At 15 her father tried to marry her off but she refused. When Emma was 17 it was eventually agreed that the rebellious child should go to America with her elder half-sister, Helena. Goldman quickly realized that for a Jewish immigrant, America was not the land of opportunity that had been promised. America, for her, meant slums and sweatshops where she earned her living as a seamstress. She worked for several years in a textile factory, and, in 1887, married fellow factory worker and Russian immigrant Jacob Kershner, thereby gaining U.S. citizenship.
What initially drew Goldman to anarchism and turned her into a revolutionary at the age of 20 was the outcry that followed the Haymarket Riot in 1886 in Chicago. A bomb had been thrown into a crowd of police during a workers' rally for the eight-hour day. Eight anarchists were convicted and seven sentenced to death on the flimsiest evidence; the judge at the trial openly declared: "Not because you caused the Haymarket bomb, but because you are Anarchists, you are on trial." Four were ultimately hanged. Following the uproar over the hangings, Goldman left her husband and family and traveled to New Haven, Connecticut, and then to New York City. Goldman and Kershner soon divorced.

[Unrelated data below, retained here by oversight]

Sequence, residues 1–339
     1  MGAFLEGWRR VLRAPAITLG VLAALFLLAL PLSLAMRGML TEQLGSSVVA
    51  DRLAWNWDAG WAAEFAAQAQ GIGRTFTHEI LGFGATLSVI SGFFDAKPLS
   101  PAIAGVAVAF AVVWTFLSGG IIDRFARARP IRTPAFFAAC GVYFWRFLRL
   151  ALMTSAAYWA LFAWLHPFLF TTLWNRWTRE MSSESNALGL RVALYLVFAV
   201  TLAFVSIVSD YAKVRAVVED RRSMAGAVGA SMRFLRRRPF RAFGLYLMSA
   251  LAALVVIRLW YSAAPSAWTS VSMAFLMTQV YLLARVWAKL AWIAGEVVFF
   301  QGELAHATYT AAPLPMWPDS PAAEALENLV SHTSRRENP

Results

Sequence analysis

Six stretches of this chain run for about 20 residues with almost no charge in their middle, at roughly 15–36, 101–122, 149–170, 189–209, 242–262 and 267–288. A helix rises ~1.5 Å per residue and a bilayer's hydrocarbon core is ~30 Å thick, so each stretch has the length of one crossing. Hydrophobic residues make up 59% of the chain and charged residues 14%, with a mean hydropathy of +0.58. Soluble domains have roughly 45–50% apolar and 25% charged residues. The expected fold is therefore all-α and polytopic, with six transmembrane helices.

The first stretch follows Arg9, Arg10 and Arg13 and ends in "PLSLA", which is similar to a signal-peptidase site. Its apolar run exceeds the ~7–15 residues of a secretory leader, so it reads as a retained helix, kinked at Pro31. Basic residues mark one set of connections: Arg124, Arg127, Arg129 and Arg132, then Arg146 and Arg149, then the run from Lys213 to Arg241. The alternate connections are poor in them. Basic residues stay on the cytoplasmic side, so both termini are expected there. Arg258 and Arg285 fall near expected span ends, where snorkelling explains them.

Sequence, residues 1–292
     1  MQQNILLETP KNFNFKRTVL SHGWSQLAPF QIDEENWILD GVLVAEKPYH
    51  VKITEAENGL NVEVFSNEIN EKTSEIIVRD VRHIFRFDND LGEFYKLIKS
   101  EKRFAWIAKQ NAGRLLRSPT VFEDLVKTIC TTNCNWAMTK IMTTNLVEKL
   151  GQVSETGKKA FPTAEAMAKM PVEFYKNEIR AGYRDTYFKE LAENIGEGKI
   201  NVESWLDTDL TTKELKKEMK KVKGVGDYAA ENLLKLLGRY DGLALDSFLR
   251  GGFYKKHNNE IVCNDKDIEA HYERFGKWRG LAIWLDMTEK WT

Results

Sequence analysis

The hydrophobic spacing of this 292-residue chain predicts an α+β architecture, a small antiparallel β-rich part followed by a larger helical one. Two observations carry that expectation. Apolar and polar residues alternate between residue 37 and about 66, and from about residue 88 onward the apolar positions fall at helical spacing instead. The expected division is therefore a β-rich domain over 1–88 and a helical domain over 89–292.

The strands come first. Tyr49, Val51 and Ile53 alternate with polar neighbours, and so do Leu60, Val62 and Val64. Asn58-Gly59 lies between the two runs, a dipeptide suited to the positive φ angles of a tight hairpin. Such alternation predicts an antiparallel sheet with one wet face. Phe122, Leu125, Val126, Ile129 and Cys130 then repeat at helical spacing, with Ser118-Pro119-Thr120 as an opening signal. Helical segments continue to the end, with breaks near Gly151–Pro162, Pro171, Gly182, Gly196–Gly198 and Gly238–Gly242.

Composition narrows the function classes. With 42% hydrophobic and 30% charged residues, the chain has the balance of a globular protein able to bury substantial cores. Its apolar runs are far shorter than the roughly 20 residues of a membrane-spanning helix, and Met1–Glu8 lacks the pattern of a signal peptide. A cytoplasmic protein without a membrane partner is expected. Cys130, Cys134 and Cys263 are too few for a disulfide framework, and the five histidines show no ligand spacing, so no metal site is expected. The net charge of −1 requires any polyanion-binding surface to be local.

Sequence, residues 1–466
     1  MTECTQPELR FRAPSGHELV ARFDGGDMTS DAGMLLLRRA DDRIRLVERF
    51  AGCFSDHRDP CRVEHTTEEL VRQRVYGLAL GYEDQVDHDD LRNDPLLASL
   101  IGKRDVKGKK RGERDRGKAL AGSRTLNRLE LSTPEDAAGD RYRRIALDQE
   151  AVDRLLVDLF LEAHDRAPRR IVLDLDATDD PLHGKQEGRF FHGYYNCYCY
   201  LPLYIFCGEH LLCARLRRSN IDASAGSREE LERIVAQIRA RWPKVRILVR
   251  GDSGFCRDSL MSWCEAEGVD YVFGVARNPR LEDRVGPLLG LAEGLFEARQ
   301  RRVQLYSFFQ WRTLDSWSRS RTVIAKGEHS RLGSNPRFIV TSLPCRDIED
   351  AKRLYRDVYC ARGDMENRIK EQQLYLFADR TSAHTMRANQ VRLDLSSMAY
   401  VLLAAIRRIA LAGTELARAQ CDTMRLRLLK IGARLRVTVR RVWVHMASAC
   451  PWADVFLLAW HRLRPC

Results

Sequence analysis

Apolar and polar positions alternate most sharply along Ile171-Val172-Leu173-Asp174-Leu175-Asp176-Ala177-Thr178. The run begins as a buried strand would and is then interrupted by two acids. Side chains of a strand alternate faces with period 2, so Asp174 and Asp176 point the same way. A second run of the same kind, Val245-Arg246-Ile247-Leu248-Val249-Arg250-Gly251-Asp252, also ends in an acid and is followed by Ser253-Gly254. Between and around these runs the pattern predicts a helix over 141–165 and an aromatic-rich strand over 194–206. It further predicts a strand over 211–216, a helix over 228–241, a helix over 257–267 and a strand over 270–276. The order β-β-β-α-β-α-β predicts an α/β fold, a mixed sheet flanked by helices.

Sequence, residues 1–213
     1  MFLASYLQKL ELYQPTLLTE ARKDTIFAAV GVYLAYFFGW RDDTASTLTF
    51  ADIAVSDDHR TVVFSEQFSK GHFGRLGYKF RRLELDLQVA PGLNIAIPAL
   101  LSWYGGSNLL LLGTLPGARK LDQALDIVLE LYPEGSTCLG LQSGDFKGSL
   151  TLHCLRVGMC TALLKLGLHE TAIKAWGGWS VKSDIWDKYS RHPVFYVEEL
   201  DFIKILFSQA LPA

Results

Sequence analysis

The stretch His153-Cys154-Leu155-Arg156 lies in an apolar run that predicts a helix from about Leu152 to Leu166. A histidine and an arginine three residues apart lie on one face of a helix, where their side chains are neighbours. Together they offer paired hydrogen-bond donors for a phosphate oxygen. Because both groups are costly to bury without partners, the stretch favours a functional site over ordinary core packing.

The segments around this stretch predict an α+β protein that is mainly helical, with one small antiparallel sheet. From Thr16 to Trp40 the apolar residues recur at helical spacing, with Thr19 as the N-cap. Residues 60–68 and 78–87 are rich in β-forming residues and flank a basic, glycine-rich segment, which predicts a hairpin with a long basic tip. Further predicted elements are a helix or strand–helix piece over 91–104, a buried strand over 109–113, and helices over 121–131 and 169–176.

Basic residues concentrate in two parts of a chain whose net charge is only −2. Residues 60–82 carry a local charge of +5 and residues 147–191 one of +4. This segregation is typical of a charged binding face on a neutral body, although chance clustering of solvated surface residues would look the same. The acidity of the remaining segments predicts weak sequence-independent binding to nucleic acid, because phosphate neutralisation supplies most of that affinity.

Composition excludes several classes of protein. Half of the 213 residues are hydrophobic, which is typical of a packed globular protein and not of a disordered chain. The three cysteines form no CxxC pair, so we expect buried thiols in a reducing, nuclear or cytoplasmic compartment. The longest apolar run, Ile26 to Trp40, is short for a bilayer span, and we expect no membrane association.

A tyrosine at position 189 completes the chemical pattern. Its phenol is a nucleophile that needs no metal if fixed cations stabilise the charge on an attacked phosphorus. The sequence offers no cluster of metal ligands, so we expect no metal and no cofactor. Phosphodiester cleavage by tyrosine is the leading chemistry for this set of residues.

Here, Goldman befriended Johann Most, the editor of a German language anarchist paper. She was inspired by his fiery oratory and calls for violent struggle and became a confirmed believer in the concept of the Attentat, the use of targeted acts of violence—including assassinations of politically significant individuals—as a necessary tool to inspire political and social change.
Most quickly decided to make Goldman his protégé and sent her on a speaking tour. He instructed Goldman to condemn the inadequacy of a campaign for the eight-hour day. Instead it was necessary to demand the complete overthrow of capitalism. Campaigns for the eight hour day were merely a diversion. Goldman duly conveyed this message at her public meetings. However, in Buffalo, she was challenged by an old worker who asked what a man of his age was to do, as they were not likely to see the ultimate overthrow of the capitalist system.
From this encounter Goldman realized that specific efforts for improvement such as higher wages and shorter hours, far from being a diversion, were part of the revolutionary transformation of society.
Goldman began to distance herself from Most and became more interested in a rival German anarchist journal Die Autonomie. Here she was introduced to the writings of Peter Kropotkin. She sought to balance the inclination of human beings toward social ability and mutual aid stressed by Kropotkin with her own strong belief in the freedom of the individual.
New York City and the Homestead Strike
In New York City, Goldman met and lived with Alexander Berkman, who was an important figure of the anarchist movement in the United States at the time. The two remained close friends until his death in 1936. With the influence of anarchist writers such as Johann Most, Berkman and Goldman became convinced that direct action, including the use of violence, was necessary to effect revolutionary change.